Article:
Given that the CRA set up a unit specifically to investigate this type of fraud, you can bet they know this is not just an "isolated incident".


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Originally Posted by geotag277 View Post
But again, you are talking about a fraction of a percentage in the case of Laurentian Bank, and with Kenny Gu you are literally talking about 3 houses.

You might as well add lottery winners, drug dealers, and newly minted Spotify millionaires as contributors to the run up on prices as well. A bunch of tiny effects that have always existed in the background, including in 1971 when Vancouver was smaller than Ottawa.

Average prices dropped, but what does it mean when median prices never dropped and kept increasing? It means the top end of the market stopped selling but it doesn't necessarily imply any house actually lost any value - which is what banks would care about.

Individuals in 5 million dollar mansions in West Van felt the brunt of the immediate aftermath, which actually simply meant their house took longer to sell (in this case, 6 months versus 48 hours).

Mortgages over 2 million also face much stricter requirements, as your "foreign buyer income exempt" article also detailed.
Isolated incidents my Aunt Fanny:

...Jin allegedly helped ultra-wealthy Mainland China “whale” gamblers, recruited in Macau, to gamble in B.C., the investigation documents allege.

The Macau whales were able to gamble with suspected drug cash supplied by Jin’s network, especially at River Rock Casino, the investigation documents allege. With those funds borrowed from Jin and “private lenders,” they were not only able to gamble, but to develop real estate in B.C....

http://vancouversun.com/news/nationa...s-in-drug-cash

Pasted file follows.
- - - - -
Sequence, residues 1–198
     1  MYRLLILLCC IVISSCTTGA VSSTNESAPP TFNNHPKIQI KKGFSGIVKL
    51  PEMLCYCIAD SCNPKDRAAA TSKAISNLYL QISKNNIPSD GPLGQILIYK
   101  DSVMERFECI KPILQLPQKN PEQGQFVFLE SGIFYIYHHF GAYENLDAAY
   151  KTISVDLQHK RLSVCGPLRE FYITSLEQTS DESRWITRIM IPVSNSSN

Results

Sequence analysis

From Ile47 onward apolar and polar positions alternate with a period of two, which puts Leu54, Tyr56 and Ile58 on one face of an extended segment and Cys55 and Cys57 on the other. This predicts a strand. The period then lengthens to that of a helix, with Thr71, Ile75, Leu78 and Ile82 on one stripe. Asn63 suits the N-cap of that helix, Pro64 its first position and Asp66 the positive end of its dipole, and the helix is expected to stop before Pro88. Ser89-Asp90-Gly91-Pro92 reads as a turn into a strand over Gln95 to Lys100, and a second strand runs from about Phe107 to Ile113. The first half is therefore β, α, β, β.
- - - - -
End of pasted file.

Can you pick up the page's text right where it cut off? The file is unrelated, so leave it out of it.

..Stronger anti-money laundering rules could be particularly useful in a place like Greater Vancouver, where governments can’t identify the owners of almost half of the region’s 100 most valuable homes, according to a previous TI report.

The city has also been the focus of efforts by the Chinese government to recover the proceeds of corruption, a report by the Financial Action Task Force (FATF) said last year...

https://globalnews.ca/news/3350193/c...estate-report/

..Richmond real estate lawyer Hong Guo says Chinese police have charged two of her former employees in connection to the disappearance of about $7.5 million that Guo alleges was stolen from her firm’s trust account, laundered through B.C. Lottery Corp. casino accounts, and transferred to China in the form of casino chips...
http://vancouversun.com/news/local-n...ugh-b-c-casino

...A review of B.C. regulatory filings points to a growing number of mortgage fraud cases involving fake incomes, phoney offshore collateral, and false tax information in schemes allegedly connected to real estate professionals operating in B.C.’s growing shadow banking sector.

Postmedia reported Saturday that shadow lenders — non-banks that are not federally regulated — have rapidly increased their share of Canada’s mortgage market in recent years, as Ottawa has tightened lending standards for Canadian banks. Many of the big loans issued in Vancouver prior to 2017 won’t be insured again, a Bank of Canada risk report says. As a result, according to a number of experts, an increasing number of borrowers are turning to shadow banks for loans in Vancouver’s hot market, and the private lenders in this growing sector are more prone to fraud and careless lending.

Chris Carter, B.C. registrar of mortgage brokers at B.C.’s Financial Institutions Commission, or Ficom, said the agency is experiencing an increase in mortgage fraud complaints, and “recently recruited dedicated staff to implement a more ambitious program of risk-based examinations.”

Ficom’s stats show complaints roughly doubled from 109 in 2013 to about 200 in 2016, and about a third of complaints allege loan application fraud....

http://www.theprovince.com/news/loca...427/story.html

It is clear the rot in Canada's largest housing markets is deep and pervasive. Anyone who thinks Home Capital, Laurentian etc are just aberrations rather than the tip of an iceberg is deluding themselves.
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  #7745  
Old Posted Dec 8, 2017, 1:49 AM